Of all who have gained a reputation for reckless daring and deeds of valor during the Civil War, there are none who outrank the brave Cuban girl, Loretta Valesque. Naturally of a romantic turn of mind, she became so enthused over the wrongs of the South that she determined to have a part in the tragedy there being played. The first act in her life of adventure was to marry a young American officer who was serving in the United States Army. She was only fourteen at that time; but the girls of Cuba mature so much earlier than here, she had a woman’s form and a woman’s heart. When war between the States was declared, his regiment was ordered back to the United States, and such was her influence over him that, yielding to her persuasion, he left the Union Army and enlisted with the South. Loretta, full of the excitement pertaining to war, wanted to share the danger with him. She longed to be where she could hear the music of the bullets as they whistled past, and see the lightning of the swords as they flashed from the scabbards. Pleading with him to let her accompany him, she was, as she thought, justly indignant when he refused his consent. Womanlike, she concealed her impatience, and while he thought she had given up the idea, she only bided her time. “When a woman wills, she wills,” and you may depend on it. His farewell kiss was scarcely cold on her lips when she sought a tailor, to have him make and pad a suit of clothes for her. Thus disguised, she boarded a train for New Orleans. Alas! Lieutenant Harry Buford, her “nom de guerre,” had not calculated on the heat of the city, consequently the padded garments became un-endurable; so she had to find another tailor to substitute wire for cotton in the padding; these she fastened under her arms, giving her the necessary squareness to her figure. After getting rigged up, her next step was to raise a company of recruits, and, at the head of these, she made her way to Pensacola, to join her husband. Words cannot express his surprise and chagrin when she was shown into his presence and made herself known to him; but he was a wise man, and appreciated the romantic side of the situation, so instead of giving her away and opposing her, he helped to drill her soldiers. Unfortunately for her, her husband was killed not long after by the bursting of his carbine. Nothing daunted, she succeeded in having her company transferred to Virginia, and marched into line at the Battle of Bull Run. A writer, in speaking of her on that occasion, says, “No man on the field fought with more energy than she did; fear was not known to her.”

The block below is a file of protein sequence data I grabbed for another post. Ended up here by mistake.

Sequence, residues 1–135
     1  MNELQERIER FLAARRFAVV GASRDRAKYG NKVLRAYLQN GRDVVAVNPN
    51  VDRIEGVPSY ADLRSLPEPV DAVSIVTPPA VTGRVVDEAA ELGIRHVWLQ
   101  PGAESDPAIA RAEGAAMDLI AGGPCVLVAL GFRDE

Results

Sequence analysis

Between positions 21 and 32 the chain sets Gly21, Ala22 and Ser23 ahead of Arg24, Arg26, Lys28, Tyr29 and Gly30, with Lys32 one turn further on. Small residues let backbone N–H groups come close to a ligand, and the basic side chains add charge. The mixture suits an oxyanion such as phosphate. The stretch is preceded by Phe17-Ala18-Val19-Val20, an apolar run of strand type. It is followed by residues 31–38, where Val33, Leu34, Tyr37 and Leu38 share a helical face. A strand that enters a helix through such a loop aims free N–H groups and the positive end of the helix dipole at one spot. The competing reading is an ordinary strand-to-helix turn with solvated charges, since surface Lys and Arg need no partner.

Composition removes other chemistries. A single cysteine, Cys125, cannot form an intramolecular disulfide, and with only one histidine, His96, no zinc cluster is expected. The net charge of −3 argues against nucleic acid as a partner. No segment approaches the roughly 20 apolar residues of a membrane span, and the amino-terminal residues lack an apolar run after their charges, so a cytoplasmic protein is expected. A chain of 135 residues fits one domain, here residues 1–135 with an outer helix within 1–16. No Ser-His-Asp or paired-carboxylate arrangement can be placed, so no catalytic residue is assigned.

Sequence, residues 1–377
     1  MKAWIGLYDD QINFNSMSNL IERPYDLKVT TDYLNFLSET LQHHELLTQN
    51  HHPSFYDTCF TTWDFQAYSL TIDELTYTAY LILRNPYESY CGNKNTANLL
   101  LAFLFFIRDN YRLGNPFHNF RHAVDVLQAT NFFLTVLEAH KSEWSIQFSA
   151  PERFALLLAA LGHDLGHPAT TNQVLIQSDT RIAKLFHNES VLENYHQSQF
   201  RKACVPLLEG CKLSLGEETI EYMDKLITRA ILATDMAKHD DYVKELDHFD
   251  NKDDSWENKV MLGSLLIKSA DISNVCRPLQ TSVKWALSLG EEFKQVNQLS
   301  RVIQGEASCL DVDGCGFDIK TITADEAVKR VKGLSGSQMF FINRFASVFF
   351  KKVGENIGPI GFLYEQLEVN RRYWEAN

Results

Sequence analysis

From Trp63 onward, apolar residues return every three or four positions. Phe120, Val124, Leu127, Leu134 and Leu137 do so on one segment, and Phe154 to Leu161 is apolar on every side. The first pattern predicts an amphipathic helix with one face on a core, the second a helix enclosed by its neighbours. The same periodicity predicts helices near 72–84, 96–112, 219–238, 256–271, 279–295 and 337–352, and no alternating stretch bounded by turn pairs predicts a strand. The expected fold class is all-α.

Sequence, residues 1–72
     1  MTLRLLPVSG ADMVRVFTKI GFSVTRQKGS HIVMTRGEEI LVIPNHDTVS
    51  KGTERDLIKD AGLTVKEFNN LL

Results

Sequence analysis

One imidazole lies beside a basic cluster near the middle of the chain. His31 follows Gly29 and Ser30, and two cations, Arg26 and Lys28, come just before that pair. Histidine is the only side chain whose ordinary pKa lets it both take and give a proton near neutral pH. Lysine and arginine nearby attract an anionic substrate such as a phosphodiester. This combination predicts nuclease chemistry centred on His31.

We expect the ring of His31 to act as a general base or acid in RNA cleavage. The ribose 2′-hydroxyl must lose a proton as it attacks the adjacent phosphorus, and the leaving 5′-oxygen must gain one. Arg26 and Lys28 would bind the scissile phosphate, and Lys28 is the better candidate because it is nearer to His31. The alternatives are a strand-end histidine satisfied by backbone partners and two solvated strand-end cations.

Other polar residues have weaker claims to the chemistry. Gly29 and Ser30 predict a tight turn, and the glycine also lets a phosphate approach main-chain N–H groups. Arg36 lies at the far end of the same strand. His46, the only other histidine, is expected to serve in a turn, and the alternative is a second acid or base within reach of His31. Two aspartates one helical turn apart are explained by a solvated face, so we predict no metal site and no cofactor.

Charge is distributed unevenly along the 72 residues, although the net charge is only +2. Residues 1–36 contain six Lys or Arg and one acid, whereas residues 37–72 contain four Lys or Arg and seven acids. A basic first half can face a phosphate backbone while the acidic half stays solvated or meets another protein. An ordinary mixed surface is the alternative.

Getting tired of active duties, she decided to assume her female dress and take the part of a spy. Having bribed an old Negro to ferry her across the Potomac one freezing cold night, she arrived safely in Washington. There she renewed her acquaintance with some officers of the Northern Army. Bringing all her powers of fascination to bear upon them, she gained what valuable information she could and then returned to the Confederate lines.
In giving us a short history of her life as soldier and spy, the writer remarks that, in the midst of her varied experiences, she found time to be married three times, and left the romantic adventures of her life as a legacy to her children. A wound on her arm caused her sex to be discovered. Once known, she managed to escape to some other section of the country, and again assumed her masculine garb. The last that was heard of this wonderful woman, she had gone to California as a miner.